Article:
For a play on masculine and feminine style at the room's entry, rustic logs were cut to size, sanded, then painted with circles featuring different shades of blue as well as pink, yellow, coral and purple. While the rustic texture of the bark is masculine, the poppy pinks and corals add feminine flair.
To keep costs down, many of the master bedroom's furniture pieces were purchased through flea markets and thrift stores, then updated with paint and fabrics. For extra storage and extra seating, an inexpensive vintage dresser was updated with white paint and two slim wingback chairs were reupholstered with men's pinstripe suiting fabric.
This early 1900s American bow front dresser was bought for $125, then updated with two coats of a sprayed white lacquer finish. That not only modernized the dated piece but also helped the bronze hardware stand out. The key to getting a great finish on an old piece is using a sprayer instead of brushes or rollers. Most home improvement stores rent HVLP (high-volume low-pressure) sprayers at a daily rate between $75 and $100. What sets HVLP sprayers apart from others is a fine mist tip, the key to achieving a professional look.
The master bedroom was lacking in ambient light, so its existing ceiling fan was taken down and replaced with a wood and iron French chandelier. French chandeliers usually evoke a feeling of femininity, but due to its black painted finish, the chandelier used in this master bedroom takes on a more gender-neutral appearance. For modern flair, globe bulbs were used rather than standard flame bulbs.
Wall of Mirrors
From the start, the homeowners stressed how important brightness and an abundance of natural light was for the new look of their master bedroom. For feminine flair, a grouping of different framed mirrors was hung along the interior wall opposite the windows. In addition to reflecting light and helping the room feel more open and airy, the mix of frame finishes adds to the intended well-layered look.
Layered blues are prominent in the master bedroom's seating area. From the navy blue of the draperies and the teal tone of the console table to the blue-violets and peacock blues of the chair upholstery and pillows, this layering effect adds depth and keeps the otherwise tone-on-tone color scheme from falling flat.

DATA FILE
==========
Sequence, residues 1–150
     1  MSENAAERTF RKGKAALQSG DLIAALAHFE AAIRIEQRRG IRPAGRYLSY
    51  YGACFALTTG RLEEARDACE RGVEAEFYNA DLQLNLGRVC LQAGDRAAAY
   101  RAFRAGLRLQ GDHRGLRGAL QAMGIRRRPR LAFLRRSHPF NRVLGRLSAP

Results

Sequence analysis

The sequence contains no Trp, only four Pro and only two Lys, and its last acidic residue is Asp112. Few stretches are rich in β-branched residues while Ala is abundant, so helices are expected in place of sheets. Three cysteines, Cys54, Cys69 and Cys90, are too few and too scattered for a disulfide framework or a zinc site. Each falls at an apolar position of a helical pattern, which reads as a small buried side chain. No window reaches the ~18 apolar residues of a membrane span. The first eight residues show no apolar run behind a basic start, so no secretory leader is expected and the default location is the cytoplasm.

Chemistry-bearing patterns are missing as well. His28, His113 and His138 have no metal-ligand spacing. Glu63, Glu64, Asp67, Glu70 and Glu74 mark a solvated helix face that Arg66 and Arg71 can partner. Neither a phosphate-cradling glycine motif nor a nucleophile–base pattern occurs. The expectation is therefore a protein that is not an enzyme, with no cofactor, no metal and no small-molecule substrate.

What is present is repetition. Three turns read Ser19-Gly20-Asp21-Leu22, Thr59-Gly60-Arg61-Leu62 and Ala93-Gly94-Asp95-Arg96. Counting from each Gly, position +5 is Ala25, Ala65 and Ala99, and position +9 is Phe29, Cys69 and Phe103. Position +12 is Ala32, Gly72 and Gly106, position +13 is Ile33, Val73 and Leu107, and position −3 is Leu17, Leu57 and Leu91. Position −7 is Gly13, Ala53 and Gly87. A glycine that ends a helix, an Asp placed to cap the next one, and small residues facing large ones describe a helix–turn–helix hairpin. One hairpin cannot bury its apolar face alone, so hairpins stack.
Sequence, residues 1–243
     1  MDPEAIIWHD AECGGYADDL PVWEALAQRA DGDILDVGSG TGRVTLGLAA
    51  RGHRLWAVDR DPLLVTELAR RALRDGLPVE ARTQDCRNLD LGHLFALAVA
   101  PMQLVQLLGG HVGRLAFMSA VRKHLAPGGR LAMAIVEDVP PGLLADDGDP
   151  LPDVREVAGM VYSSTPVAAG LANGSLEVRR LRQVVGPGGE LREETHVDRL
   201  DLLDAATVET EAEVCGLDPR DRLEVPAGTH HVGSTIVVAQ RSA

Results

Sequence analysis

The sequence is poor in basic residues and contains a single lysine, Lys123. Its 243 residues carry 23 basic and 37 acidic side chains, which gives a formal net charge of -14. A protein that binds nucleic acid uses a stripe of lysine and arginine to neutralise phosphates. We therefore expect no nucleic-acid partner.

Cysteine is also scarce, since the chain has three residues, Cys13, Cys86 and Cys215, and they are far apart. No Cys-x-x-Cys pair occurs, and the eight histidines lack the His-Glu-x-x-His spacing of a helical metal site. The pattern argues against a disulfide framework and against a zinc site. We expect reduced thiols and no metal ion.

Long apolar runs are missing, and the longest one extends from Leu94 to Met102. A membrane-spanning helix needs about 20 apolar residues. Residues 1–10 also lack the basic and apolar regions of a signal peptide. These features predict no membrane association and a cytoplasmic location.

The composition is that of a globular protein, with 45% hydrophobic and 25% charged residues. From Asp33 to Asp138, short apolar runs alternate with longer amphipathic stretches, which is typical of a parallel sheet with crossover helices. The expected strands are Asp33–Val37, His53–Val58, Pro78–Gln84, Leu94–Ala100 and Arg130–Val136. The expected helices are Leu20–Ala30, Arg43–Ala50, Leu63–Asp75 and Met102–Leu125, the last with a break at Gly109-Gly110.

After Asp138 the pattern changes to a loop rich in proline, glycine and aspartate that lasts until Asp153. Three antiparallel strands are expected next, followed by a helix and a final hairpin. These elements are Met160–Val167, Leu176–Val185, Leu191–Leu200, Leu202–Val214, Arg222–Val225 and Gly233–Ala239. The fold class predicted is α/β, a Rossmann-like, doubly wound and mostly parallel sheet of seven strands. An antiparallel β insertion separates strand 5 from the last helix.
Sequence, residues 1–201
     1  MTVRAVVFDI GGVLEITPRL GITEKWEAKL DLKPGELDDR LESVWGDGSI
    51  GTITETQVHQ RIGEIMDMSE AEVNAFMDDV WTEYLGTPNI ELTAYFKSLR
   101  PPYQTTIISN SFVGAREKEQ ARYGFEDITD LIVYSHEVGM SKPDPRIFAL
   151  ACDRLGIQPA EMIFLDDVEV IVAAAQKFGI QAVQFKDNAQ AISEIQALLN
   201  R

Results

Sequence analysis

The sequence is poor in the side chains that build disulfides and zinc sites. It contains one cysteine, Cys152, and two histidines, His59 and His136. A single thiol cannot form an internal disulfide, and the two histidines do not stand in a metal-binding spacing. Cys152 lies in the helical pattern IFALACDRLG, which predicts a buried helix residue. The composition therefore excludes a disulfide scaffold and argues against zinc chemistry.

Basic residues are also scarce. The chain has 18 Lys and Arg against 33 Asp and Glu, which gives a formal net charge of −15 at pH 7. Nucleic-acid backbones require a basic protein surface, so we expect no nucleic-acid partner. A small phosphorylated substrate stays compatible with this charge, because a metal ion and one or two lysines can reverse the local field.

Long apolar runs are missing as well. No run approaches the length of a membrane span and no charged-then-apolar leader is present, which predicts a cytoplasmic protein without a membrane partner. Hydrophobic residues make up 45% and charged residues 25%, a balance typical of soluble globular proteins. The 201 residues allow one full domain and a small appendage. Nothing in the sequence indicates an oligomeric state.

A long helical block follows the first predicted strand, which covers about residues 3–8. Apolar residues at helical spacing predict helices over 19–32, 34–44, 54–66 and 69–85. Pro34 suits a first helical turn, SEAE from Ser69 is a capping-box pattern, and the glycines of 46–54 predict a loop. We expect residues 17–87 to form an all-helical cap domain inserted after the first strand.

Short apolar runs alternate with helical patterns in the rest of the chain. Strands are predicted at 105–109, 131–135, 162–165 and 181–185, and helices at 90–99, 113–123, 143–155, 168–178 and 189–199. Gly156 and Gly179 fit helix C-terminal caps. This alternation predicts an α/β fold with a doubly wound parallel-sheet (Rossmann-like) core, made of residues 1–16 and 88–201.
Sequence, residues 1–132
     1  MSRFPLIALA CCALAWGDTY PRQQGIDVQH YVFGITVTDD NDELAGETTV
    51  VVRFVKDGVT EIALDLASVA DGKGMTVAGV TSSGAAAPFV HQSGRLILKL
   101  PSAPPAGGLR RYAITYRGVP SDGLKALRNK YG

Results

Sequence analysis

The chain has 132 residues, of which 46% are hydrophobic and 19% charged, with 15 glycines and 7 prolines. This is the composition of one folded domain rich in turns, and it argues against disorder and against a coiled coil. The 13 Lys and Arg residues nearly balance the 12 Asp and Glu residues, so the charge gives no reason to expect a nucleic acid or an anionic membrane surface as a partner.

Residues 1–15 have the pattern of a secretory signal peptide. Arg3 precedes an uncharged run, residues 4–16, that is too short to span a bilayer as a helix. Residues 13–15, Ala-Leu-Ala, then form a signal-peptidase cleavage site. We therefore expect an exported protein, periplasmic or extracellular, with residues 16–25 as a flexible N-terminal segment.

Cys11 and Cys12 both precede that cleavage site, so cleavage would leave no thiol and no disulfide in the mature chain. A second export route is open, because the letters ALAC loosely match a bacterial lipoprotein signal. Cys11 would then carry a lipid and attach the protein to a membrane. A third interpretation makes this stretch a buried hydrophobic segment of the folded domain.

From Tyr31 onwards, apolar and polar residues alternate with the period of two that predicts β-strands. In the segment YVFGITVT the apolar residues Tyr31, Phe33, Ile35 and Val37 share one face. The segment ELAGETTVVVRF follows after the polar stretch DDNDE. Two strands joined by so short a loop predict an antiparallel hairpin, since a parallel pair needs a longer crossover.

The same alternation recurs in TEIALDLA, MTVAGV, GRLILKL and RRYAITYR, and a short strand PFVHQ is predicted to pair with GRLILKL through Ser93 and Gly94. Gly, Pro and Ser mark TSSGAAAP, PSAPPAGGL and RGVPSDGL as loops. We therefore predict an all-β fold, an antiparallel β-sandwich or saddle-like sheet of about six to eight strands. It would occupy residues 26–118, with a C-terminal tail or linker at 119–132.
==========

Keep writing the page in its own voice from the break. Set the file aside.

Bergère chairs are iconic to classic French interiors. Known for their deep, wide seats, loose cushions and padded armrests, bergère chairs continue to remain popular both for stylistic and comfort reasons. For this makeover, to put a fresh spin on a pair of bergère chairs found at an estate sale, their wood frames were stripped, then refinished with black oil paint in a semigloss finish.
For a menswear touch, the bergère chairs were reupholstered in peacock-blue tweed. Often used for men's coats and pants, tweed is a classic fabric that can introduce tailored, well-structured style to a room.
To juxtapose the masculine upholstery of the bergère chairs with a touch of femininity, flame stitch Missoni womenswear fabric was used to create graphic throw pillows. Many interior designers suggest shopping at apparel fabric retailers to save money and add touches of high fashion to a room's decor.
Another splurge in the design was custom framing for the fine art photography. Black lacquered framing was chosen to coordinate with the black accents of the room, while an inset turquoise fillet — the accent molding that fits inside a larger frame and usually sits on top of the mat — helps highlight the blue tones in the art. Since the room receives ample sunlight, non-glare acrylic was chosen rather than glass to protect the art from UV rays.